(PT > 3 sec, INR > 1.5), FFP is indicated for:

  1. Active bleeding.

  2. Anticipated invasive procedure.

  3. Massive PRBC transfusion (dilutional

  4. coagulopathy).

  5. Congenital deficiency of Factor II, V, X, XI, XII, or XIII with bleeding/invasive procedure (virally inactivated factor concentrates not available).

  6. Emergent reversal of warfarin effect.
    (Vitamin K reversal takes 6 to 8 hours.)

  7. It is also used in plasmapheresis for TTP.


The reduced Factor VIII activity of TP is not of concern for most indications, as Factor VIII is an acute phase reactant and tends to be elevated in many hospitalized patients.  Thus, TP may be substituted for FFP, except in cases of severe DIC with rapid consumption of coagulation factors, where FFP would be preferred.


The primary indication for transfusion of CRYO is hypofibrinogenemia (fibrinogen < 100 mg/dL).  It may also be used in treating a uremic bleeding diathesis that is unresponsive to DDAVP. 7  CRYO can also be used to treat von Willebrand’s disease, but only when DDAVP is ineffective and plasma-derived factor concentrates containing vWF (Humate-P®, Alphanate®)) are unavailable.  Topical use, in combination with thrombin, as a surgical hemostatic agent (“fibrin glue”), is being discontinued, due to the availability of the virally-inactivated commercial product Tisseel®.


Cryo-reduced plasma is used as an alternative to FFP as a replacement fluid in plasmapheresis for TTP, either for initial treatment or for cases not responding to plasma exchange with FFP.


Plasma transfusion should not be used for volume expansion or as a nutritional supplement, as other products are available that are both effective and do not carry the viral transmission risk of blood product transfusion.  In addition, plasma should not be transfused prophylactically in cases of massive red cell transfusion or after cardiopulmonary bypass. 

For those coagulation factors that are commercially available as recombinant or virally inactivated concentrates (VII, VIII, IX, Anti-Thrombin III), plasma should be transfused only in emergencies when concentrates are unavailable.  Similarly, transfusion of CRYO for von Willebrand’s disease should be reserved for emergent situations when vWF-containing Factor VIII concentrates cannot be obtained in a timely manner.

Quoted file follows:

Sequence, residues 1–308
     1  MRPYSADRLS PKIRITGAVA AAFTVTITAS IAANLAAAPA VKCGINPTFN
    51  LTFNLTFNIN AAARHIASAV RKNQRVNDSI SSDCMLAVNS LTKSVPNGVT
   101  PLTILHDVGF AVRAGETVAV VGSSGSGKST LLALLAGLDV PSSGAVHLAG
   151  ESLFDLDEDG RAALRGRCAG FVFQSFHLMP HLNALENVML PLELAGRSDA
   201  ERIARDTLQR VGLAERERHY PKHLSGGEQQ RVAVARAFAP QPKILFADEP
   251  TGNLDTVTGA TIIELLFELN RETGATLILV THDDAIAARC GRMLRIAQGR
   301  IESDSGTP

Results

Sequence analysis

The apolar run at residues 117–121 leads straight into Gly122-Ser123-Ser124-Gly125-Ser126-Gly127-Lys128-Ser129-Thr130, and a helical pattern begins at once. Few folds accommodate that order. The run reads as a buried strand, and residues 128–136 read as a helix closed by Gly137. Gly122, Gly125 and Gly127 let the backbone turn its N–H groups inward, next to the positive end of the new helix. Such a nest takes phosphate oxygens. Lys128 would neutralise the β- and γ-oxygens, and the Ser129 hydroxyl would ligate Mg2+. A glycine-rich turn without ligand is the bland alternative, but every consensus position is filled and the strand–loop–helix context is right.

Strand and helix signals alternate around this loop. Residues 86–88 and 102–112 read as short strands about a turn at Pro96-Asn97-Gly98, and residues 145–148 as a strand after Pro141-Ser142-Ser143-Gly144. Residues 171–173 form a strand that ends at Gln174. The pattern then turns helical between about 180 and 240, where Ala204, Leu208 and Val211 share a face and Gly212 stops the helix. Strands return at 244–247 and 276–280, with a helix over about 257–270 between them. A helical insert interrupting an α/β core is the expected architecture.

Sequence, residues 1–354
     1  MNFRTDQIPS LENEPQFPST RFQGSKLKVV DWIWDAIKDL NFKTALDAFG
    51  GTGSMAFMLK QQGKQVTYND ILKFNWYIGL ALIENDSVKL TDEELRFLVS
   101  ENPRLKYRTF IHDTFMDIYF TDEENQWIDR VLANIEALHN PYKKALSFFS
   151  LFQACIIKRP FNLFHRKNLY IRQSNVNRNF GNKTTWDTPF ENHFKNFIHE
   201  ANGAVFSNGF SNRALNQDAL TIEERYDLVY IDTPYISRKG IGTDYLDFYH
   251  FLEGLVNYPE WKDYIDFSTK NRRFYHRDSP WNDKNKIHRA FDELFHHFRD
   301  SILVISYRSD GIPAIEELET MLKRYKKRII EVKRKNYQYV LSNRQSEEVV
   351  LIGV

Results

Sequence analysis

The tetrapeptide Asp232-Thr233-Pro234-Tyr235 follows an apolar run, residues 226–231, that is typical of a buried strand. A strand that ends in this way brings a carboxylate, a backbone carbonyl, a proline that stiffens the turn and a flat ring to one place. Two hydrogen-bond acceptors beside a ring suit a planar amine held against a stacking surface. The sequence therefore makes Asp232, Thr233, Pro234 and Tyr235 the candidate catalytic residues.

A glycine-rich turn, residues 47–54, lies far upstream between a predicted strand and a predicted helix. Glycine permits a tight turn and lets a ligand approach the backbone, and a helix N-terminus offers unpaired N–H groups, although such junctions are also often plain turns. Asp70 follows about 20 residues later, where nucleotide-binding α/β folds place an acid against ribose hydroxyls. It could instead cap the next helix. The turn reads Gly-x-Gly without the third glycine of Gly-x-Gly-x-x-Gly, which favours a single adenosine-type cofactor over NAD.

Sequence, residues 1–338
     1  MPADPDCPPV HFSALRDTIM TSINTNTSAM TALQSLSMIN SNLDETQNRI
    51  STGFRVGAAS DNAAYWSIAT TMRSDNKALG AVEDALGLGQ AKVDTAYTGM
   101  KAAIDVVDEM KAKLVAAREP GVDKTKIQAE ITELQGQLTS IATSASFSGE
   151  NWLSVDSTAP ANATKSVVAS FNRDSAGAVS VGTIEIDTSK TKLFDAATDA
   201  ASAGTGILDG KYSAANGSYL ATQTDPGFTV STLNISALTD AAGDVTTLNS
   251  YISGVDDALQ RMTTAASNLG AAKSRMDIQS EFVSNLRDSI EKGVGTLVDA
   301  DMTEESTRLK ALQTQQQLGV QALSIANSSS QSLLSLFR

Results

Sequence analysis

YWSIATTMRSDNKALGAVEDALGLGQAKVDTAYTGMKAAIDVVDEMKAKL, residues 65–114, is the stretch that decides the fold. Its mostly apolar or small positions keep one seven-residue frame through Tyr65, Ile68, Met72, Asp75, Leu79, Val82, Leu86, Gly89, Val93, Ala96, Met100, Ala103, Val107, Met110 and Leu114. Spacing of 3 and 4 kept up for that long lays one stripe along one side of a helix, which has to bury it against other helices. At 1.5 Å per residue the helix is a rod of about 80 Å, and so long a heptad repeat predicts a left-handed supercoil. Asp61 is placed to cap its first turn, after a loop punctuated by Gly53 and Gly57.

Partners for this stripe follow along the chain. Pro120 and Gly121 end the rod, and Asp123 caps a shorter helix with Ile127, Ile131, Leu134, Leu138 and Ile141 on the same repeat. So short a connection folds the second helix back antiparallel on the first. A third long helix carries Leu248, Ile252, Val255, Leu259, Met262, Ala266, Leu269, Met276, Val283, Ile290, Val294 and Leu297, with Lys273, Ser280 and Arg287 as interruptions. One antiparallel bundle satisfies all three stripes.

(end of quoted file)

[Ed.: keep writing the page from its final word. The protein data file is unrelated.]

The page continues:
Correction of a significant coagulopathy requires 10-20 ml/Kg of plasma (4-7 units for a 70 Kg adult).  Smaller volumes do not reliably provide correction and larger volumes are unnecessary.  Each unit may be transfused over as little as 20-30 minutes, provided the recipient’s cardio-respiratory system can tolerate that rate.


CRYO is generally transfused in pools of 6 units each, which should increase an adult recipient’s fibrinogen level by 30-60 mg/dL.  For uremic bleeding, the dose of CRYO is 6-10 units.
  1. Downes KA, et al. Transfusion 2001; 41: 570.
  2. McVay PA, et al. Am J Clin Path, 1990; 94: 747-753.
  3. Zins M, et al. Radiology 1992; 184: 841-843.
  4. McVay PA, et al. Transfusion 1991; 31: 164-171.
  5. Squillante CE, et al. Liver 1993; 13: 270-272.
  6. Wachtel S, et al. Blood 1994; 84: Suppl:682a.
  7. Janson PA, et al. NEJM 1980; 303: 1318-22.

For questions regarding this TMU, please contact Donald L. Kelley, MD, MBA. at: (412) 209-7483.

Copyright ©2004, Institute For Transfusion Medicine 
Editor: Donald L. Kelley, M.D., MBA:

Copies of previous Transfusion Medicine Update issues can be obtained from our web page:  To be placed on our mailing list for a hard copy, please contact Deborah Small by e-mail: or by phone: (412) 209-7320.